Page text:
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Sharing images without consent 05/07/2017 The Abusive Behaviour and Sexual Harm (Scotland) Act 2016 is now in force, making it easier to prosecute people who share intimate images without consent.

Sharing images without consent

The Abusive Behaviour and Sexual Harm (Scotland) Act 2016 is now in force, making it easier to prosecute people who share intimate images without consent. Those convicted of the new offence of ‘disclosing, or threatening to disclose, an intimate photograph or film’ could face up to five years imprisonment.

The offence:

  • covers photographs or films showing people engaged in a sexual activity which would not usually be done in public, or with their genitals, buttocks or breasts exposed or covered only with underwear
  • doesn’t cover the sharing of other materials such as private text messages and emails which are dealt with under separate legislation
  • doesn’t apply to sharing photographs of naked protests or streakers at sports matches.

“Modern technology gives us the potential to link up or keep in touch with friends and loved ones around the world and opens up incredible opportunities, but the scale of its reach means that when it is abused to intimidate, harass or expose someone in this way, the impact can be hugely damaging,” said Justice Secretary Michael Matheson.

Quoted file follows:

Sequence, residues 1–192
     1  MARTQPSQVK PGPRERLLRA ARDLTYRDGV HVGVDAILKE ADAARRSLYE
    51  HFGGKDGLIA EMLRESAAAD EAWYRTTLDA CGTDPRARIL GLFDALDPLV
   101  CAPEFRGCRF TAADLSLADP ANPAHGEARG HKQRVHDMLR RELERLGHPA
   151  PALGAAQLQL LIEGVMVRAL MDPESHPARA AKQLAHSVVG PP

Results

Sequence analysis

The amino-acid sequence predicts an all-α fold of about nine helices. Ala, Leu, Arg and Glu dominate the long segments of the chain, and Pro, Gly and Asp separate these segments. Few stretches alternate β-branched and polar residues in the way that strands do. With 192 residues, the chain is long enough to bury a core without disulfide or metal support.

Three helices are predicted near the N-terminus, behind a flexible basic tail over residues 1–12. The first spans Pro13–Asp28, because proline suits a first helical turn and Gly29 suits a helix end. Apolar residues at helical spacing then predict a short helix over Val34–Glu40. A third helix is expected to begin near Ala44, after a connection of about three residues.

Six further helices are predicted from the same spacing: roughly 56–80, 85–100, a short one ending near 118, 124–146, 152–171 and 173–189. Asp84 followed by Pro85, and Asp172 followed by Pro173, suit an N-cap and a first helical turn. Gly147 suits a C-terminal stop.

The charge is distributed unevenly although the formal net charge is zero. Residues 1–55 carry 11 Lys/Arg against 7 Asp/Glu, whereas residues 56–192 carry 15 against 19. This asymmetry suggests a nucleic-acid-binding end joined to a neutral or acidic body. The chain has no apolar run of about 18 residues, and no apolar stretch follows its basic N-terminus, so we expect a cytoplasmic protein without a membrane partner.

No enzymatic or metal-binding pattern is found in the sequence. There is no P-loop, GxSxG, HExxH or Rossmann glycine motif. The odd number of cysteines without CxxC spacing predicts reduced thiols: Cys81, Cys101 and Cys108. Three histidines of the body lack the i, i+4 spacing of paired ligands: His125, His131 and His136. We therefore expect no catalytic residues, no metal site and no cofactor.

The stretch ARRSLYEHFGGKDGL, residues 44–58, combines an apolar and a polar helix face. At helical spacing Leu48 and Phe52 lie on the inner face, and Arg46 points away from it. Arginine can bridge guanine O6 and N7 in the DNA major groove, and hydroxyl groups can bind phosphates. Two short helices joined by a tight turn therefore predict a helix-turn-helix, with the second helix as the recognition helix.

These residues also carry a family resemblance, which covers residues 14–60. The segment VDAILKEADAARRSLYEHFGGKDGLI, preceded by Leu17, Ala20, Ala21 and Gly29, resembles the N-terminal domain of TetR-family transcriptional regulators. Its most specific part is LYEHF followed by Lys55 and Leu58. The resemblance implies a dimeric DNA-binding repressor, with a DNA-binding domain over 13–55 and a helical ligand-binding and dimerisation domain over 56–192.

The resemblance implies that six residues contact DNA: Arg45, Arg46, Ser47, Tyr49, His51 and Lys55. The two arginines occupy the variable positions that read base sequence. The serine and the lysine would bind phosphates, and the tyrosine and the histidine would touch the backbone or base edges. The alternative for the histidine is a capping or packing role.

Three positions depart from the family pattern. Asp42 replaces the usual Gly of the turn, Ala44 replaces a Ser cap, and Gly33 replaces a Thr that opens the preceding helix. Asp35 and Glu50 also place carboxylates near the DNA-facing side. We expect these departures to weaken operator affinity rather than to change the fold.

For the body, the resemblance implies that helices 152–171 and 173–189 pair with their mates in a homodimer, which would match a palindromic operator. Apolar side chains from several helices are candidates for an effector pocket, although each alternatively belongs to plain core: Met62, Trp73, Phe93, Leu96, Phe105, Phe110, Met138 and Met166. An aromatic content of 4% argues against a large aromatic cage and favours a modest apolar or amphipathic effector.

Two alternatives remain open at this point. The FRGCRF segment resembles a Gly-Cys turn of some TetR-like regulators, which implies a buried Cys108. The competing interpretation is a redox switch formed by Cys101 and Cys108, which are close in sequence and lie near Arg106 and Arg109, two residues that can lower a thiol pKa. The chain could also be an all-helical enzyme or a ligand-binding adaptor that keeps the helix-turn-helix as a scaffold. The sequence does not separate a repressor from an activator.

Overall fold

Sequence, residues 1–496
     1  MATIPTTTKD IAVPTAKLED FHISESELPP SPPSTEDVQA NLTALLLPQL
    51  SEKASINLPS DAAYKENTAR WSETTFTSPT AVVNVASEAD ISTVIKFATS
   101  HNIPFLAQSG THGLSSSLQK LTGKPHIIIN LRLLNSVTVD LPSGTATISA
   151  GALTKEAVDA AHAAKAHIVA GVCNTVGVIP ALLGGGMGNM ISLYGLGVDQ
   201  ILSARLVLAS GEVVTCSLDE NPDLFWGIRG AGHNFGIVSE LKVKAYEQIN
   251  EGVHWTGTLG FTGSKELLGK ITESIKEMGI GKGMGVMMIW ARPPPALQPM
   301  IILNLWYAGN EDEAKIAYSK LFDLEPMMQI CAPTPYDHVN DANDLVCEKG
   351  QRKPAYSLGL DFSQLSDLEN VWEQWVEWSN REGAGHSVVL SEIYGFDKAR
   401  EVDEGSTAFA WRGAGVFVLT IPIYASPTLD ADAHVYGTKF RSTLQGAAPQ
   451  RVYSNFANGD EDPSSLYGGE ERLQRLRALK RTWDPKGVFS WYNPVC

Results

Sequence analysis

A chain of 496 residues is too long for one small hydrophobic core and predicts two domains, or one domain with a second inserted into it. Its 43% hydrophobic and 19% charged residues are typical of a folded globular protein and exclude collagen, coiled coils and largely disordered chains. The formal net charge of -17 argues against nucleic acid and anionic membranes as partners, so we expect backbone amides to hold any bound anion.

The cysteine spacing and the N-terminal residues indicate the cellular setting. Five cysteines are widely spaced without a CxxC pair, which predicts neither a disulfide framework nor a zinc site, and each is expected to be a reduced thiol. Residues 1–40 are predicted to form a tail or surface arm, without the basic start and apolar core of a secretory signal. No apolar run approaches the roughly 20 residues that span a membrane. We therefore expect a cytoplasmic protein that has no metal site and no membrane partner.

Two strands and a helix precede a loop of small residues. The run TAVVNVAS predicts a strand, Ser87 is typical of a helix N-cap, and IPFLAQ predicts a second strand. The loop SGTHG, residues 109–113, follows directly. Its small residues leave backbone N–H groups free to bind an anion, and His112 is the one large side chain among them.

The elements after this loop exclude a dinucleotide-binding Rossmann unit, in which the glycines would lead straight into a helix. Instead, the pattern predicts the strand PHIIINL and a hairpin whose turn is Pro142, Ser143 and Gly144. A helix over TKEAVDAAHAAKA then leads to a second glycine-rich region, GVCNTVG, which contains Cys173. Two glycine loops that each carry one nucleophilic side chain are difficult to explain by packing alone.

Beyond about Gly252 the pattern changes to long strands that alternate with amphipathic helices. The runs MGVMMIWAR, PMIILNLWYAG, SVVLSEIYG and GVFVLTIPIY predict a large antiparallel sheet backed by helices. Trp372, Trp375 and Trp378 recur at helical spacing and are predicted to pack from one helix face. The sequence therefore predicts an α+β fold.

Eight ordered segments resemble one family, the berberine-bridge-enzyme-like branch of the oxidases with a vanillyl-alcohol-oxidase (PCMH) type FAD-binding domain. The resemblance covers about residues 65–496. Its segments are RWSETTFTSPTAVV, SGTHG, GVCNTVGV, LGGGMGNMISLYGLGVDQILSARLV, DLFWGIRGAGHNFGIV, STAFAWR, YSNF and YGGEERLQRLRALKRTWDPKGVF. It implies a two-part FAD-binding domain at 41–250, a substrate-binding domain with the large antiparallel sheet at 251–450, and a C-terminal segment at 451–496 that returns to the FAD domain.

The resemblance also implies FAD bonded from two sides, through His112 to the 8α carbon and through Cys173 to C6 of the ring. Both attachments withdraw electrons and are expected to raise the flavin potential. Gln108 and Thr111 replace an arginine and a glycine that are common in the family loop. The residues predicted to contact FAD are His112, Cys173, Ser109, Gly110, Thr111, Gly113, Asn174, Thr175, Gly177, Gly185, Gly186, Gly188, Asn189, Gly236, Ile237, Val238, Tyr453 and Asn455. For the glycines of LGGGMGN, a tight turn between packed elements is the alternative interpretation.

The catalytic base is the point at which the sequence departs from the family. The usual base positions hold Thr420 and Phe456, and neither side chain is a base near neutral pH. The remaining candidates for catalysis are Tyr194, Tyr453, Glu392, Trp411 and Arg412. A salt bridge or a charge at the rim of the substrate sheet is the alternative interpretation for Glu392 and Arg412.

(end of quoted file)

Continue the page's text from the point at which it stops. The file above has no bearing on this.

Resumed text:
“There is no place for this abusive and manipulative behaviour in Scotland, and the threat of sharing images without consent will be viewed just as seriously as the act of sharing,” he added. “The maximum penalty of up to five years reflects the serious nature of this crime and anyone who shares or threatens to share an intimate image without consent will feel the full force of the law.”

 

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